A call to action for students in a North Texas public-school district to promote Democrat candidates was linked to taxpayer-funded district resources, which could be a violation of state law. This is the latest discovery of Democrat agendas in Texas public schools.

Sources from Richardson Independent School District in Dallas County provided Texas Scorecard with a screenshot of an advertisement to “help get the Democratic voting info out” by going door to door and delivering “election literature” the weekend of October 24.

The notice is directed at students.

It references an earlier block walk, saying, “We have put these on over 100,000 doors in north east Dallas County the last 2 weeks before early voting started.”

Interested students are encouraged to contact Tracey Bishkin, a social studies teacher at Lake Highlands High School, through her taxpayer-funded district email address.

Texas Scorecard asked the entire RISD Board of Trustees and Superintendent Dr. Jeannie Stone if the communication had been authorized by the school.

Only Stone replied, confirming the notice was sent out by Bishkin but was not authorized by RISD, nor can class credits be earned by participating.

When asked if this block walking is “an authorized RISD extracurricular activity for students,” Stone replied that “LHHS Young Democrats is a non-curricular, student-sponsored and student-led club that meets outside of the school day.”

“Ms. Bishkin is the custodial sponsor and in that role, distributes information for the club,” she continued.

The call to action was found on a taxpayer-funded district resource. Sources provided a screen-recorded video from a Richardson ISD parent who found the announcement posted under the name of a “Mrs. Doebbler,” with the header “NHS Green and Gray” and title “Outside hours!”

To protect the parent’s privacy and safety, Texas Scorecard is not releasing their name.

Elise Doebbler is listed as the co-chair of the English Department at RISD. This announcement was found in the Remind application, “a communication platform that helps schools and districts reach and engage with their communities.”

In a 2018 written opinion to State Sen. Paul Bettencourt (R-Houston) about the Texas Election Code, Texas Attorney General Ken Paxton wrote that school districts are a “political subdivision” and therefore, under the code’s provision, “[a]n officer or employee of a political subdivision may not knowingly spend or authorize the spending of public funds for political advertising.”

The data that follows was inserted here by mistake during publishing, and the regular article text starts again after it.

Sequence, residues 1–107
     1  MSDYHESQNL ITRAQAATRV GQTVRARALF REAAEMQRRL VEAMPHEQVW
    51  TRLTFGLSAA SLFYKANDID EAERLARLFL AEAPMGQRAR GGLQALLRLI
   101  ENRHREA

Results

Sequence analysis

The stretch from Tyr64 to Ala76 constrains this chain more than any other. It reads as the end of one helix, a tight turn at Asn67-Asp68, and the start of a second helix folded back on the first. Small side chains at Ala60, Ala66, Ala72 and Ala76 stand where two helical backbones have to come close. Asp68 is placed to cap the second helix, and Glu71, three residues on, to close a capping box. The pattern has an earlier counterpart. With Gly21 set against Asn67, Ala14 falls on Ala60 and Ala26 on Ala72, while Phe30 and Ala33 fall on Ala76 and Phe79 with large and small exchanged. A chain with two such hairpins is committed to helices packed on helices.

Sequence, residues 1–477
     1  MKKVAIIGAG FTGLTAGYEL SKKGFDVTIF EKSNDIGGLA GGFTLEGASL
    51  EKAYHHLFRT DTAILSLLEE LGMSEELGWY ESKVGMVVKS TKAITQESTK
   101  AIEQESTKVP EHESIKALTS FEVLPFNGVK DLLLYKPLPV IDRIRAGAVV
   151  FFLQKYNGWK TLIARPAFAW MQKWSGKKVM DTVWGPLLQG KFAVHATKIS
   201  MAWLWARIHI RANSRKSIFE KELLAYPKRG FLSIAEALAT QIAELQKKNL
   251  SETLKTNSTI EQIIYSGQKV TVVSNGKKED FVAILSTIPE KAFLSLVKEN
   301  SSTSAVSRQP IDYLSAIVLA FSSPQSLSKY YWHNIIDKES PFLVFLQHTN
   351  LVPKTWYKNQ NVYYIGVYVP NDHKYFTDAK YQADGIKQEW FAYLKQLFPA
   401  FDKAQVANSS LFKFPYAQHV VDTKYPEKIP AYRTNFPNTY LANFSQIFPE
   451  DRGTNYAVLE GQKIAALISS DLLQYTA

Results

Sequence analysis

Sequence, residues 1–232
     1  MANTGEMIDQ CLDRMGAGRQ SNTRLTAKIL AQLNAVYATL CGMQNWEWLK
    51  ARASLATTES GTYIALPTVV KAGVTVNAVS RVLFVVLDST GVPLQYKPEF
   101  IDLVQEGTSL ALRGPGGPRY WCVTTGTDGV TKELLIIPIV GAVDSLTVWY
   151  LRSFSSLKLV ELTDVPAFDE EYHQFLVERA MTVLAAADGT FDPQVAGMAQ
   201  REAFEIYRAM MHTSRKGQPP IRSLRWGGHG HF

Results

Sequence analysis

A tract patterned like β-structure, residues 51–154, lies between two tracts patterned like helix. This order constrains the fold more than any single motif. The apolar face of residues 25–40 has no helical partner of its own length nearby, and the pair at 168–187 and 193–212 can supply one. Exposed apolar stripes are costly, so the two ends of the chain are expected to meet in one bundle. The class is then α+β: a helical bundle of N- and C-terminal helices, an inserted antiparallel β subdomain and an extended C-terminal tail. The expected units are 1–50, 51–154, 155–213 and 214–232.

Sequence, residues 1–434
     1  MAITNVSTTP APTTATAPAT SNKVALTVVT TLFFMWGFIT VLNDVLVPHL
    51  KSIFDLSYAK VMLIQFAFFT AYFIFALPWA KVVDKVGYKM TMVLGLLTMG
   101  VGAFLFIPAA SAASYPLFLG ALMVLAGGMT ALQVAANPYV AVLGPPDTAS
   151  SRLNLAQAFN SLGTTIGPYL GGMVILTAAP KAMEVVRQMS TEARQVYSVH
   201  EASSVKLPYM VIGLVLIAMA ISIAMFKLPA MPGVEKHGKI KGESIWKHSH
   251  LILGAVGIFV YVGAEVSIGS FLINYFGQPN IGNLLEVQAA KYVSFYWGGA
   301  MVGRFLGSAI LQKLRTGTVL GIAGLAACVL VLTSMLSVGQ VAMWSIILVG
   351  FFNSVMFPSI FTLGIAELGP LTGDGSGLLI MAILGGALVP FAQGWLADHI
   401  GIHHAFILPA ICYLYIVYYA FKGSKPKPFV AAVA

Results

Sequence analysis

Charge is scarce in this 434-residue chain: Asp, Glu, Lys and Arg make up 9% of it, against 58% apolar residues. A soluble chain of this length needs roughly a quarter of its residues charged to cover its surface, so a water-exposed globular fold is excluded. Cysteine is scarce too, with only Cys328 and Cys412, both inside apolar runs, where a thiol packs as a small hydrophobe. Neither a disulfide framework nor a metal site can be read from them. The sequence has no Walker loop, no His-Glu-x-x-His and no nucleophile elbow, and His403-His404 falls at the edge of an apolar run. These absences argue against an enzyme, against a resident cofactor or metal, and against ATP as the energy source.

Paxton then explained how the Texas Legislature has defined “political advertising” as:

[A] communication supporting or opposing a candidate for nomination or election to a public office or office of a political party, a political party, a public officer, or a measure that: (A) in return for consideration, is published in a newspaper, magazine, or other periodical or is broadcast by radio or television; or (B) appears: (i) in a pamphlet, circular, flier, billboard, or other sign, bumper sticker, or similar form of written communication; or (ii) on an Internet website.

A brochure from the AG’s office about school districts and elections also says “using school resources to promote particular candidates, measures, or political parties may constitute the type of electioneering prohibited by law.” It also says district employees cannot, on district time or with district email, encourage co-workers to vote for particular candidates or parties.

The brochure does say employees may use their personal social media accounts to electioneer on their personal time, and the accounts are only to be used for personal communications, not work. Also, school district employees may participate in political campaigns, “but only on personal time and [they] may not use district resources to do so.”

Texas Scorecard sent follow-up questions to Stone and the board about possible violations of the Texas Election Code. No response was received by publication time.

Democrat agendas have been heavily promoted in Texas public schools in 2020, with radical Marxist documents shared in Plano ISD, a Wylie school assignment comparing police to Ku Klux Klansmen, and Carroll ISD’s board trying to push a pro-LGBTQ “Cultural Competence Action Plan.”

Local Democrats and progressive groups are also actively electioneering in the Grapevine-Colleyville school board race.

Concerned parents may contact the RISD Board of Trustees.

District 1 Member Jean Bono, Board Vice-President: jean.bono@risd.org
District 2 Member Eron Linn: eron.linn@risd.org
District 3 Member Debbie Renteria: Debbie.Renteria@risd.org
District 4 Member Regina Harris, Board Secretary: Regina.Harris@risd.org
District 5 Member Karen Clardy, Board President: karen.clardy@risd.org
At-Large Member Place 6 Eric Eager: eric.eager@risd.org
At-Large Member Place 7 Kim Caston: kim.caston@risd.org

Robert Montoya

Born in Houston, Robert Montoya is an investigative reporter for Texas Scorecard. He believes transparency is the obligation of government.